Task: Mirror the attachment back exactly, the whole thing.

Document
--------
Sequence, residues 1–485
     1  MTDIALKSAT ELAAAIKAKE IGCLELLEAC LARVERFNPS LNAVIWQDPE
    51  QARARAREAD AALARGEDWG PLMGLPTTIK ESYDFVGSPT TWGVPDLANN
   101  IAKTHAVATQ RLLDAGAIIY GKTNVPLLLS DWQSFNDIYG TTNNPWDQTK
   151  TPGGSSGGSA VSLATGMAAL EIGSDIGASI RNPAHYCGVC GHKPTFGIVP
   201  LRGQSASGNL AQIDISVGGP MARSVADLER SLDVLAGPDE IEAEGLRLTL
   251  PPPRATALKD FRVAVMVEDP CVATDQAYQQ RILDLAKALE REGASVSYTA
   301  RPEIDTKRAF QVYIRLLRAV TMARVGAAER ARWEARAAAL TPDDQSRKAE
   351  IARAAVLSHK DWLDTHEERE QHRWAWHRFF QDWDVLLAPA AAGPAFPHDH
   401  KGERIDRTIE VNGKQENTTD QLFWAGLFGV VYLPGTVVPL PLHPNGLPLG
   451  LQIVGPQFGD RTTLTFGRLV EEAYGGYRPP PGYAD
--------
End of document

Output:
Sequence, residues 1–485
     1  MTDIALKSAT ELAAAIKAKE IGCLELLEAC LARVERFNPS LNAVIWQDPE
    51  QARARAREAD AALARGEDWG PLMGLPTTIK ESYDFVGSPT TWGVPDLANN
   101  IAKTHAVATQ RLLDAGAIIY GKTNVPLLLS DWQSFNDIYG TTNNPWDQTK
   151  TPGGSSGGSA VSLATGMAAL EIGSDIGASI RNPAHYCGVC GHKPTFGIVP
   201  LRGQSASGNL AQIDISVGGP MARSVADLER SLDVLAGPDE IEAEGLRLTL
   251  PPPRATALKD FRVAVMVEDP CVATDQAYQQ RILDLAKALE REGASVSYTA
   301  RPEIDTKRAF QVYIRLLRAV TMARVGAAER ARWEARAAAL TPDDQSRKAE
   351  IARAAVLSHK DWLDTHEERE QHRWAWHRFF QDWDVLLAPA AAGPAFPHDH
   401  KGERIDRTIE VNGKQENTTD QLFWAGLFGV VYLPGTVVPL PLHPNGLPLG
   451  LQIVGPQFGD RTTLTFGRLV EEAYGGYRPP PGYAD